The good news is that you’ve already got the infrastructure in place for communicating externally-initiated changes to the active Business to places like HomePage. However, the chain seems to be broken by the fact that FirebaseService.getLoggedInUser doesn’t itself expose an Observable (that can be triggered upon logout). If you augment getLoggedInUser with a watchLoggedInUser that exposes an Observable<User>, and somehow have logoutUser cause it to emit undefined, then BusinessService can subscribe to that in its constructor, instead of simply taking a snapshot.

hi @obinnae try this example

for User a clear data

User A logs in
User A’s info is retrieved from Firebase, then stored locally in storage.
User A logs out, and his info is cleared from storage by calling storage.clear()

this.storage.set('LocalStorageKeyName',this.emptyarray).then(
      (res)=>{
        console.log(res);
  });

for User B store data
User B logs in, but can still see User A’s info

this.storage.set('LocalStorageKeyName',this.UserB_retrieved_from_Firebase).then(
      (res)=>{
        console.log(res);
  });

what would be the best strategy… Localstorage or cookies modules to store the user data for security purposes

I prefer JWT to cookies for everything, because they’re stateless and are built from well-tested cryptographic blocks. As for how to store them client-side, I have yet to encounter a situation where I was tasked to worry about multiple users sharing a physical device, so I just save them using Ionic Storage. If you do care about that situation (white hat and black hat using the same Ionic app on the same device), you could look into something like NativeStorage, although I tend to simply assume that anybody with physical access to a device can get at anything stored on it.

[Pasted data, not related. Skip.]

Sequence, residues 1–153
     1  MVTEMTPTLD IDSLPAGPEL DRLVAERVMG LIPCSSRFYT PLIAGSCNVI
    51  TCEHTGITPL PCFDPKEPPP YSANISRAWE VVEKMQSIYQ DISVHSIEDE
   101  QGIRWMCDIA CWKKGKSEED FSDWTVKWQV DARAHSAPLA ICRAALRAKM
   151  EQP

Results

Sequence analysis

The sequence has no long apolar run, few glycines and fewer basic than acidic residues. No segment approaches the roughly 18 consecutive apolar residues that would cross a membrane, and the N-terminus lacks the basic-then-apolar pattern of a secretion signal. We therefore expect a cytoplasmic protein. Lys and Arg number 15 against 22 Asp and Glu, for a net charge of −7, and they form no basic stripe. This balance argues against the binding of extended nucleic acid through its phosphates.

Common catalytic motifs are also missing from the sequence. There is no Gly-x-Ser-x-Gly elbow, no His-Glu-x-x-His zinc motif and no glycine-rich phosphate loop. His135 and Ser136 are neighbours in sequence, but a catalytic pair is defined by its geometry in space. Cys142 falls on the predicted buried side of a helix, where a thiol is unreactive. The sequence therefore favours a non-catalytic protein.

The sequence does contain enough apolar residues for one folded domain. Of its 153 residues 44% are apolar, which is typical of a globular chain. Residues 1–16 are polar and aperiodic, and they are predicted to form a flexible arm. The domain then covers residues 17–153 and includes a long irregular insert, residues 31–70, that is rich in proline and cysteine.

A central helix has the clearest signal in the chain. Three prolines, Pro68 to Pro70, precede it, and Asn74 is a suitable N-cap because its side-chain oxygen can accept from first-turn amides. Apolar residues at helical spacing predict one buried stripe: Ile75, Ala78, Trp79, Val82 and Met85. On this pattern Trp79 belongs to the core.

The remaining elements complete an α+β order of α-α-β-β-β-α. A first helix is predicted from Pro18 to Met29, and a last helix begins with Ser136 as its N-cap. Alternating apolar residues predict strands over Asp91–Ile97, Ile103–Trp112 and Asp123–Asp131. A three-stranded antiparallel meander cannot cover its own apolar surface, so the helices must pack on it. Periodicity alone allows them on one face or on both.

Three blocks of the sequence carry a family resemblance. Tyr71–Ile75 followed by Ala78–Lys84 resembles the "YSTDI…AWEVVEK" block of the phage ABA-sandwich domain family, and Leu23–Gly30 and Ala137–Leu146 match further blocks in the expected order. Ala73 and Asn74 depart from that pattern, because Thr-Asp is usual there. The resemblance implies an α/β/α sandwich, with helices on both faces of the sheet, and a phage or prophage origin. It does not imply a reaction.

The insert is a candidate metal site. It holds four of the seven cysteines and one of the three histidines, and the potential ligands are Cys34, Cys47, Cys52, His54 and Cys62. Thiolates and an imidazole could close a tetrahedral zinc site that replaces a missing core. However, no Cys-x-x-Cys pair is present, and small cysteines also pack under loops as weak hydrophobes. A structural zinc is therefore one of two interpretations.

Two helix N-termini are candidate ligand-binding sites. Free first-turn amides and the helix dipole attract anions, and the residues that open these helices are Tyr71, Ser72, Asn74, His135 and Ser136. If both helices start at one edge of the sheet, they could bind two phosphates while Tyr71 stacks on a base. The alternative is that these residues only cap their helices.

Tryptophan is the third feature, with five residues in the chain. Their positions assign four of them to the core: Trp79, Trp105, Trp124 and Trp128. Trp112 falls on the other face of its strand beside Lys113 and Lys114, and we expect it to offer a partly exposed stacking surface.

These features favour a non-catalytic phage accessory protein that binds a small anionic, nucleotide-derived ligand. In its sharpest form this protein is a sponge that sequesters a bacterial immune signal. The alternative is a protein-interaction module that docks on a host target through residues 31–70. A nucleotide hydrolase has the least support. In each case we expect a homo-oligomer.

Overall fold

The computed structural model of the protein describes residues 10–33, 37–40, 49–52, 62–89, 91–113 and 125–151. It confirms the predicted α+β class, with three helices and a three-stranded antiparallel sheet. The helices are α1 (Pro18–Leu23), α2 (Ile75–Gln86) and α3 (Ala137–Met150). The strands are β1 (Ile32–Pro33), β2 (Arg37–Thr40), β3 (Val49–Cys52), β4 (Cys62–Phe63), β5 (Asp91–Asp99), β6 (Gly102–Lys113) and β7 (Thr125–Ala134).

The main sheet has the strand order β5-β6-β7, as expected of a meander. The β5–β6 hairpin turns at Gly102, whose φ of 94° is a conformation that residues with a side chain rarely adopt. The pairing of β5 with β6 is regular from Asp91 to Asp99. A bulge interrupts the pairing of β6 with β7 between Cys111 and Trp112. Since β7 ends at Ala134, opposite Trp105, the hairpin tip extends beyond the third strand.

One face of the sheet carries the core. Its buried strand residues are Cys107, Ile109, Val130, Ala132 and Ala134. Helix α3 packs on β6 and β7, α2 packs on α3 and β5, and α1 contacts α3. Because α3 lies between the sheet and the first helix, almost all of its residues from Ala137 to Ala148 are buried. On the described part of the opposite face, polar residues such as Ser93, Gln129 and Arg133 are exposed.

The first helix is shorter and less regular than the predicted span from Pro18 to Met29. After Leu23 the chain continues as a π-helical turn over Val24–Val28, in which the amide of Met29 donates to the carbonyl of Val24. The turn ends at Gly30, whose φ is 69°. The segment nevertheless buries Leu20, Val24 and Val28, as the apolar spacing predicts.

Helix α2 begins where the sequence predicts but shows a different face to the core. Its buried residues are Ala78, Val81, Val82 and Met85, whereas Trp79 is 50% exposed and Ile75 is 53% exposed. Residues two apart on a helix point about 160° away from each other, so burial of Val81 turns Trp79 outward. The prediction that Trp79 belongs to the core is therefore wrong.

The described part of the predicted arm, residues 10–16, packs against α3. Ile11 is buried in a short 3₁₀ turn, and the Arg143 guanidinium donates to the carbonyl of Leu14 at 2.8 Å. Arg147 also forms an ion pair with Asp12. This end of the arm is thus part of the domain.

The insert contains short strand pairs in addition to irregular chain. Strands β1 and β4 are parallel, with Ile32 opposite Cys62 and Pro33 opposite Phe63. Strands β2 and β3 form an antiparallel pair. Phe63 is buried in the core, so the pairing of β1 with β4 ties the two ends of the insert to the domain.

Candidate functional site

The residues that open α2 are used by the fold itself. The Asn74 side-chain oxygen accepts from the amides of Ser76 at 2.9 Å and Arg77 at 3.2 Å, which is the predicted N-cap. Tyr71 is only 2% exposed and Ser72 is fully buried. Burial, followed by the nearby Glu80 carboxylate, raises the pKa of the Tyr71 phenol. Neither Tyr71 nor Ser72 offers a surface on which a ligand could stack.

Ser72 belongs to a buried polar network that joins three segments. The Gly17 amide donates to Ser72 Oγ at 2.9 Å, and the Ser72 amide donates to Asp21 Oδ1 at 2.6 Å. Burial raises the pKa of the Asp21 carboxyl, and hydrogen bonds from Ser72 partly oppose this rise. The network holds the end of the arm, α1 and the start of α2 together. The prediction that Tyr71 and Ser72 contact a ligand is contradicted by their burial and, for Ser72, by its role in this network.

I hope this won’t be considered hijacking @obinnae post… I’ve implemented JWT for an e-commerce ionic app am building. Is it necessary to have refresh tokens and what would necessitate them… Or what strategy would you implement

Thanks for your help, @rapropos. I’ve followed your bulleted suggestion, though yet to fix the leaking subscriptions. I’m currently unsubscribing from ngOnDestroy(). How else could you unsubscribe the subscriptions besides the until-destroy plugin?

I also updated the authservice with the follownig

export class AuthenticateService {
 
  user: Observable<firebase.User>;
  constructor(private storage: Storage, private firebaseAuth: AngularFireAuth)
  {
    this.user = firebaseAuth.authState;
  }
///...etc

so I can just call the following instead of the snapshot of getLoggedInUser()

this.authService.user.subscribe((u)=>{
console.log(u) /*displays firebase user object if logged in, null if logged out*/
})

I got the idea from this article.

That’s fine; the UntilDestroy decorator does basically that behind the scenes.

I did something a bit hackier than this:

this.afAuth.signOut().then(() => {
    Storage.clear();
    location.reload();
});

Not that you (or anybody else) need care about my opinion, but I stand by my characterization of this as sending your car to the junkyard when the “check engine” light comes on.

Yeah, that’s totally fair. My decision on this was that:

  1. It’s pretty rare for a user to logout of an application so this will run extremely infrequently.
  2. If a user wants to logout of a installed app I’m assuming the REALLY want to reset everything and clear everything out, reload does that for sure.
  3. It works and I’ll come back later and refactor if needs be.

If I ever ship this app as an I’m browser web app then I would change it.